The Kiko goat needs less deworming, less hoof trimming, has less disease and less kidding problems, in other words, less maintenance, heartache and less work. In addition, Kiko goats are extremely hardy and have a high feed conversion rate, requiring little in the way of supplementary feeding
Kiko goats are becoming well known as wonderful moms, who most often kid twins and can maintain triplets without human intervention. The kids are vigorous and "hit the ground running". They grow rapidly, have sound feet, are parasite-resistant, need minimal maintenance input and reach sexual maturity early.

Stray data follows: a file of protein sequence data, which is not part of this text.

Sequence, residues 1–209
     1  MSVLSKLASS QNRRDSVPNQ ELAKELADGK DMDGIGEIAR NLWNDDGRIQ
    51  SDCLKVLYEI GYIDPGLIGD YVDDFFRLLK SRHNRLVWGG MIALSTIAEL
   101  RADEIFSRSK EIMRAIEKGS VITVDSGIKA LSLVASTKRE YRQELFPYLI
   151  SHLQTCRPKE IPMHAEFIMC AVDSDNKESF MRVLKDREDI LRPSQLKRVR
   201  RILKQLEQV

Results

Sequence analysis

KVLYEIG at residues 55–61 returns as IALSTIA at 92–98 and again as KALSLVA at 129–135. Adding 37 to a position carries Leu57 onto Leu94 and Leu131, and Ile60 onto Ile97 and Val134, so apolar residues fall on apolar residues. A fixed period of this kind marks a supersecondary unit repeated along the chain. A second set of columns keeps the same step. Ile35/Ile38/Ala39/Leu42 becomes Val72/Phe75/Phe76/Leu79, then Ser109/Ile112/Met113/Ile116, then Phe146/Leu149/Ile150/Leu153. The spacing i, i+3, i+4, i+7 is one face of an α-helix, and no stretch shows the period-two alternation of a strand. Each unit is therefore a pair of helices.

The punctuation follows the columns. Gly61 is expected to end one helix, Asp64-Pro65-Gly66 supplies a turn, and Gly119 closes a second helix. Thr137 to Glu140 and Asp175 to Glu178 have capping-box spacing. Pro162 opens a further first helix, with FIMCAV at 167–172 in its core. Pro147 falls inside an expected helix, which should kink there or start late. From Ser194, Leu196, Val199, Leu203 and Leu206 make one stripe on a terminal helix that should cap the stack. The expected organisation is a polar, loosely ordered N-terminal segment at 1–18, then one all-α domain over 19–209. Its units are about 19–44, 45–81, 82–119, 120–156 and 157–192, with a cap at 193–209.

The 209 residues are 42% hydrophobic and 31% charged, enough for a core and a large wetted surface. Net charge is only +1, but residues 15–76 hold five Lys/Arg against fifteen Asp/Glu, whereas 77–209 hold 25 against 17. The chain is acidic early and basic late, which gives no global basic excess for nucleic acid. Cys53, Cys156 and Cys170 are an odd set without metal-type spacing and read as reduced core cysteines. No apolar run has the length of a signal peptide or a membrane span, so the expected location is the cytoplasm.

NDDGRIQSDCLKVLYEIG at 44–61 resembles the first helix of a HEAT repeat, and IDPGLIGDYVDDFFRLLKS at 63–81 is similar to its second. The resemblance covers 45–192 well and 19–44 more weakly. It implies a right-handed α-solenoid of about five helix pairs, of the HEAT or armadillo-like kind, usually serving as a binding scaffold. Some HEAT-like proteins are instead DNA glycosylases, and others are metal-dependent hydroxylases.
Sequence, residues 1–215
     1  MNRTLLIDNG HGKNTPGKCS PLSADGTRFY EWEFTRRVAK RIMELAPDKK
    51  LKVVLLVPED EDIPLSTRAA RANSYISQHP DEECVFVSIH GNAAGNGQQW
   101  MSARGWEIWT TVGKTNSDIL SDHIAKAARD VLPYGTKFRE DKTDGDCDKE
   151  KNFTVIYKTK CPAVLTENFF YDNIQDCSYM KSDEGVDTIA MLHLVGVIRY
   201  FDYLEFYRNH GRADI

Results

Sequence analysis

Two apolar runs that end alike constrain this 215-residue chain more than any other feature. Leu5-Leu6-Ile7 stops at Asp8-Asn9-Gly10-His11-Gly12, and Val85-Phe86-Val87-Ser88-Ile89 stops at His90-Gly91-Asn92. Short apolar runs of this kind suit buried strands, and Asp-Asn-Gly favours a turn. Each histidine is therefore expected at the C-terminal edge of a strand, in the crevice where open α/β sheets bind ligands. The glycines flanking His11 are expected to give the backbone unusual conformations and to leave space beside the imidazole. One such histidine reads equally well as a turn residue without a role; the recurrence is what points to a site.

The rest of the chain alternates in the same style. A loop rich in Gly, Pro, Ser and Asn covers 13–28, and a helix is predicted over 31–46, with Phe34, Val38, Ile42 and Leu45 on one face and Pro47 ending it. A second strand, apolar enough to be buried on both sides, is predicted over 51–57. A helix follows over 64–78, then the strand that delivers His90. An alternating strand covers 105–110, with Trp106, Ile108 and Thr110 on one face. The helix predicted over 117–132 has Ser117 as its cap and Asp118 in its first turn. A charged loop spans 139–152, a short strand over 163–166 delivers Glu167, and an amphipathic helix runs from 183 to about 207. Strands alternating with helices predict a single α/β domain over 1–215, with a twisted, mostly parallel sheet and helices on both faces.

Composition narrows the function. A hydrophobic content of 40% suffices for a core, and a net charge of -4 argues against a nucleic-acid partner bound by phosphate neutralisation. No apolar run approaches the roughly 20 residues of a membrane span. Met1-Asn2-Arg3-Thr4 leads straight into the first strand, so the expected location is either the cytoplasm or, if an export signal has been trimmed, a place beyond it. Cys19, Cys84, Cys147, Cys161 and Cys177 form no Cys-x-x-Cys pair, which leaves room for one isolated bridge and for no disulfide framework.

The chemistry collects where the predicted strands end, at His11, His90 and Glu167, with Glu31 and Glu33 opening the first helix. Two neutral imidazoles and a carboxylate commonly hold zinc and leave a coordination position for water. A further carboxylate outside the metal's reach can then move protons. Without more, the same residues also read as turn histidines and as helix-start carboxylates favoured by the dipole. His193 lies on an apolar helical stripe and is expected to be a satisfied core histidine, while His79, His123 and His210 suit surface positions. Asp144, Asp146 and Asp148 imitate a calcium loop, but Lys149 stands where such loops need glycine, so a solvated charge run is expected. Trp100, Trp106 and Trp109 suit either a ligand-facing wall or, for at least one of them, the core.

Kiko goats are extremely hardy and have a high feed conversion rate (the ability to convert feed efficiently to marketable meat); they have lighter bones than other breeds but have large frames that pack on a lot of meat.
The Kiko goat was purpose-bred in New Zealand for meat production – the Maori word “kiko” meaning flesh or meat. The Kiko was developed from feral goats that had been liberated or had escaped over the last hundred years or so of European settlement. The Kiko breed was established by crossbreeding selected feral does with Anglo-Nubian, Toggenburg and Saanen bucks. The American Kiko is the result of further crossbreeding with Spanish and Nubian goats to produce an extremely hardy goat that spends its entire life out on the land.